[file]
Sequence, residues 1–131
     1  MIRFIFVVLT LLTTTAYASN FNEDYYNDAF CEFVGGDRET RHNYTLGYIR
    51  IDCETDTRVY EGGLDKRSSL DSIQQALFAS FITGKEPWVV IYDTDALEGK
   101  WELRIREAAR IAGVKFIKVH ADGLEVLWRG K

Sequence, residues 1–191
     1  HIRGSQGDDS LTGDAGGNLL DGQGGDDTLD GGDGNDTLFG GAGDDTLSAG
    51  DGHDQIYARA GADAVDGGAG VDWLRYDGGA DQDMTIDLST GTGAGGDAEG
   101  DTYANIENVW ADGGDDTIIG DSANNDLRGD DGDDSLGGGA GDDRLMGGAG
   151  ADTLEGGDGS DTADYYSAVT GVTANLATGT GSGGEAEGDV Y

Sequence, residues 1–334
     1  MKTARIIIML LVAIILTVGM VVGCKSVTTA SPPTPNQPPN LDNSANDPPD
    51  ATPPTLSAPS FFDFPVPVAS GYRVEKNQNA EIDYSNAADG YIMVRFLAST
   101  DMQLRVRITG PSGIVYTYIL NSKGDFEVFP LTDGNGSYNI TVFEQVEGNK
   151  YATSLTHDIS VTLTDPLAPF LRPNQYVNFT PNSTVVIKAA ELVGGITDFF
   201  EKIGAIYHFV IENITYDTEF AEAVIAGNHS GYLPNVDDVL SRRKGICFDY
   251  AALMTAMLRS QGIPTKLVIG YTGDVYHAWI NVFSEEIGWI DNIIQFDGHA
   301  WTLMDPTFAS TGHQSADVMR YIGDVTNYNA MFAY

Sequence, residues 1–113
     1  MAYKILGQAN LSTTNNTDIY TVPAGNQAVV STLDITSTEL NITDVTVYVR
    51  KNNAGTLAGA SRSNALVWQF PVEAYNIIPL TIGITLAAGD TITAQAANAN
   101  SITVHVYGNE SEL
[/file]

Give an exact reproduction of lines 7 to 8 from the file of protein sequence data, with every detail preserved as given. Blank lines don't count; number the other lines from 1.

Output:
    51  DGHDQIYARA GADAVDGGAG VDWLRYDGGA DQDMTIDLST GTGAGGDAEG
   101  DTYANIENVW ADGGDDTIIG DSANNDLRGD DGDDSLGGGA GDDRLMGGAG